Can you reduce greeenhouse gas emissions unintentionally? The Nitrates Directive was mainly adopted to protect waters from nitrate pollution, but the changed fertilizing practises that came out of it also caused a drop in nitrous oxide emitted into the atmosphere. Photo: Mark Robinson/Creative Commons
Macro-economic factors have been the biggest influence on changes in greenhouse gas emissions in the EU over the past two decades. To achieve the needed reduction of 80-95 per cent by 2050 impact from policy must increase.
The European Environment Agency (EEA) has studied the underpinning drivers and the influence of policy on greenhouse gas (GHG) emissions in the EU between 1990 and 2008. Over this period emissions dropped by 11.1 per cent, most of the change occurring in the 1990s. There was an increase between 1999 and 2003, followed by a slow decrease until 2008. The dramatic drop in emissions in 2009 due to the financial crisis and the strong rebound in 2010, are covered in two separate studies from EEA.
The single most important factor to explain emission trends is related to the economy. It is a well-known fact that the collapse of the Soviet Union and the restructuring of eastern European economies that followed had great impact on the region's GHG emissions. Heavily polluting industries were shut down, and the restructuring of the agricultural sector caused a drop in the number of cattle and in related methane emissions. In southern Europe the economy expanded over the period 1990 to 2008. Higher living standards resulted in higher energy demand and an increase in emissions.
Although the economy has had the greatest impact on emissions it does not mean that policy has had none. One interesting finding is that several polices with other aims than reducing GHG emissions have so far contributed the most to climate mitigation. The Large Combustion Plant (LCP) Directive, later reinforced through the Integrated Pollution Prevention and Control Directive (IPPC), was conceived with the primary intention to improve air quality, but caused a switch in fuels that also led to a reduction in carbon emissions.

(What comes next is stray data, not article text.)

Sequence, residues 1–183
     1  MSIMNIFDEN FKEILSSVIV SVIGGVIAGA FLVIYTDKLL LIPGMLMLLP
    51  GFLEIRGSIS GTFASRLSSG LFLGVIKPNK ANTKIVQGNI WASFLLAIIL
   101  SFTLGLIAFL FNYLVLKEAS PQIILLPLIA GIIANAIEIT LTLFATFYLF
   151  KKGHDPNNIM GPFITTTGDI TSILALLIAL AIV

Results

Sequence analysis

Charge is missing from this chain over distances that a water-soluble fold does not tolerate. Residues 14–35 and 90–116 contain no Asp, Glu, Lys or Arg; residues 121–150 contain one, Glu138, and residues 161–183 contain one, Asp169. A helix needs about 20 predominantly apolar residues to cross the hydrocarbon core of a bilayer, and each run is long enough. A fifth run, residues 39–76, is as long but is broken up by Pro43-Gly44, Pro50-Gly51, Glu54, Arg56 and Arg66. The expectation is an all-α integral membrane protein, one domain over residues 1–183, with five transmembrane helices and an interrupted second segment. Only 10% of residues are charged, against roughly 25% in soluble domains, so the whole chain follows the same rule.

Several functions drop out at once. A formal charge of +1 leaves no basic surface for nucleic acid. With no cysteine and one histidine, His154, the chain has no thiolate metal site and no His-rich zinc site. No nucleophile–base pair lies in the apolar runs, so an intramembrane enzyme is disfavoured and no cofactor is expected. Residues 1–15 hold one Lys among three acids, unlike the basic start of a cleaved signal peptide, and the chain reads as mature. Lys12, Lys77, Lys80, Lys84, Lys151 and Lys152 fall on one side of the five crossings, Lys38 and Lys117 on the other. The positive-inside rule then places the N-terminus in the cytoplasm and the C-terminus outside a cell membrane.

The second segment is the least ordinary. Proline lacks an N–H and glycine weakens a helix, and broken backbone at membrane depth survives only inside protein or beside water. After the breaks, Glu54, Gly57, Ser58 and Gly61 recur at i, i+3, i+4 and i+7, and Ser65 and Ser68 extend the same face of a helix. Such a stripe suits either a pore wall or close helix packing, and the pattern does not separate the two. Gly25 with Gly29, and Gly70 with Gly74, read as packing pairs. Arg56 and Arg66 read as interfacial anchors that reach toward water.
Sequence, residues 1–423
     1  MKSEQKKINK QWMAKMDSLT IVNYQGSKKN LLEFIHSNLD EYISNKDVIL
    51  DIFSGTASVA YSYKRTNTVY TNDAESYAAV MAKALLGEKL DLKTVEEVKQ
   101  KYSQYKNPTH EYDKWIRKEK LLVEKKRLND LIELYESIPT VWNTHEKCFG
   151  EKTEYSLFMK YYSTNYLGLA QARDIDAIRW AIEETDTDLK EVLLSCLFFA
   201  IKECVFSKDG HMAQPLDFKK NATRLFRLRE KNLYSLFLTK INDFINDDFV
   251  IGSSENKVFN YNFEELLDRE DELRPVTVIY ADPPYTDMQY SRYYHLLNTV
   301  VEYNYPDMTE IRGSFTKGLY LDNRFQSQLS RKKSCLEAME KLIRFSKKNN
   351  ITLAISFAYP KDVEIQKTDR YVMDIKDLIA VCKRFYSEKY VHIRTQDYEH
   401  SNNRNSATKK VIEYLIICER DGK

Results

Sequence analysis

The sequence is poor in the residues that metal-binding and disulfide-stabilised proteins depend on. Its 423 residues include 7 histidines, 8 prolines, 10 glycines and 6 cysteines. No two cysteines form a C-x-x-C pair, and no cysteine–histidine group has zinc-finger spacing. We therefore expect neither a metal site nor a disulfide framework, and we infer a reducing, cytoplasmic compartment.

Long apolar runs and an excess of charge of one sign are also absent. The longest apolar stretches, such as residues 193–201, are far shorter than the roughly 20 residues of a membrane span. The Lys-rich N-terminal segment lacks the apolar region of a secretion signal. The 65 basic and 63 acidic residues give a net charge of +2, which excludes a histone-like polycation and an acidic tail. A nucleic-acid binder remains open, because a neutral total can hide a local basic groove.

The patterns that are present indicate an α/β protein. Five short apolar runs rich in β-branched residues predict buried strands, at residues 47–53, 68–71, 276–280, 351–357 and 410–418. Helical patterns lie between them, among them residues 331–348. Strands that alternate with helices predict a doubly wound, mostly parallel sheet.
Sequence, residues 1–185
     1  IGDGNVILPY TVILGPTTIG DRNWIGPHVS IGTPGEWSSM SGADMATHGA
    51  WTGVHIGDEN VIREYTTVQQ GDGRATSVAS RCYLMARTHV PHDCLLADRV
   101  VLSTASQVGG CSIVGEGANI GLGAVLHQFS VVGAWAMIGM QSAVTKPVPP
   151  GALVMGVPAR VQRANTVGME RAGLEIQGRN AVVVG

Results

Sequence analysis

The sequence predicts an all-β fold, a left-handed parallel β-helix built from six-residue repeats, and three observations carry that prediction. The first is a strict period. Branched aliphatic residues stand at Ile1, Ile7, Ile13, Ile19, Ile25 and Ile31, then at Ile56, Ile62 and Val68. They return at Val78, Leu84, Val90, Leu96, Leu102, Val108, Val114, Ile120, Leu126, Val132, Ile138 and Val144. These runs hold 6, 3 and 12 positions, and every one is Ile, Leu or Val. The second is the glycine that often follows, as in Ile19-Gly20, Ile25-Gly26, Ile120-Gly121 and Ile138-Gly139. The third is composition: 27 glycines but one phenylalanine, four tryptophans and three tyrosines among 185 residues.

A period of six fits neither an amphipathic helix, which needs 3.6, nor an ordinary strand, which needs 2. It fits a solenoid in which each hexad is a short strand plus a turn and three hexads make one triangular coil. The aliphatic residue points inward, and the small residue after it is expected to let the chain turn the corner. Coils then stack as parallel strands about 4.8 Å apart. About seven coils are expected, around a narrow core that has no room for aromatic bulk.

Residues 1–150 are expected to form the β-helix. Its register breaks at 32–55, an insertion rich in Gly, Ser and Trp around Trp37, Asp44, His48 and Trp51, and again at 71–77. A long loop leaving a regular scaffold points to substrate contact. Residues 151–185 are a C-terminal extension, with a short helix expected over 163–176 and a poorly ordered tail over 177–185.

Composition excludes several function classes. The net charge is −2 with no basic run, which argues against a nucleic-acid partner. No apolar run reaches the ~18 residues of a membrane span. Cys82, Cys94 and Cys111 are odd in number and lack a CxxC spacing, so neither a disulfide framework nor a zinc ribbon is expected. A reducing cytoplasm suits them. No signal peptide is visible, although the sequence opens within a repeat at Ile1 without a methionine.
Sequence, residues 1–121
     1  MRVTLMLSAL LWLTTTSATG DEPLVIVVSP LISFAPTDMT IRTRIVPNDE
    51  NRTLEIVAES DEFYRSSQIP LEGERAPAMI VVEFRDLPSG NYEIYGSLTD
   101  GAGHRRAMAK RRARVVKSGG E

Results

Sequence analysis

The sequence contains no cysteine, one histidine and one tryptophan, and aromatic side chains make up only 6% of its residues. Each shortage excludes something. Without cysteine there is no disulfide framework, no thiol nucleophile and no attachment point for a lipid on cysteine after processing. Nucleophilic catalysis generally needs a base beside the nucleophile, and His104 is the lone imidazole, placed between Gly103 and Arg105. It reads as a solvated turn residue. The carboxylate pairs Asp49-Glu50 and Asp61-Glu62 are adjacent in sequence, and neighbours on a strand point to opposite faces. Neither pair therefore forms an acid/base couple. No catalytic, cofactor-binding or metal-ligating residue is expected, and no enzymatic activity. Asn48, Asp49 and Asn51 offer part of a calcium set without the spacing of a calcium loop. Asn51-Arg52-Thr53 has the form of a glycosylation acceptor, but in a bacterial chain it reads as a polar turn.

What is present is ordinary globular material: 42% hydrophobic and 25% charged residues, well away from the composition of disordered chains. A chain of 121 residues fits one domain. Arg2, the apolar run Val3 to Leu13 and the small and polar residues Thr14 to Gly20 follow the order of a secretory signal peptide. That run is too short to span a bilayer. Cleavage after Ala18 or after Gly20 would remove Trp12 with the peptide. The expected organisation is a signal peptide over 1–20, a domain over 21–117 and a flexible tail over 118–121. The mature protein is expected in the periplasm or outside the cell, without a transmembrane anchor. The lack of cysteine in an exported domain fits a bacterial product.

Another piece of policy that has impacted on GHG emissions is the Nitrates Directive, which was enforced with the main intention to protect waters from nitrogen pollution. The reduction in fertilizers applied to agricultural soils also led to a reduction in the amount of nitrous oxide emitted into the atmosphere.
Policies with clear climate ambitions have had relatively little impact up to 2008. One reason is that several of them were only introduced late in the studied period. Mandatory energy taxation for all EU member states is one example. This has not resulted in a change in consumer behaviour since the minimum level is set too low to have any significant impact. But for forerunner countries like Germany, Sweden and Denmark with relatively high energy and CO2 taxes, energy taxation was shown to have an impact.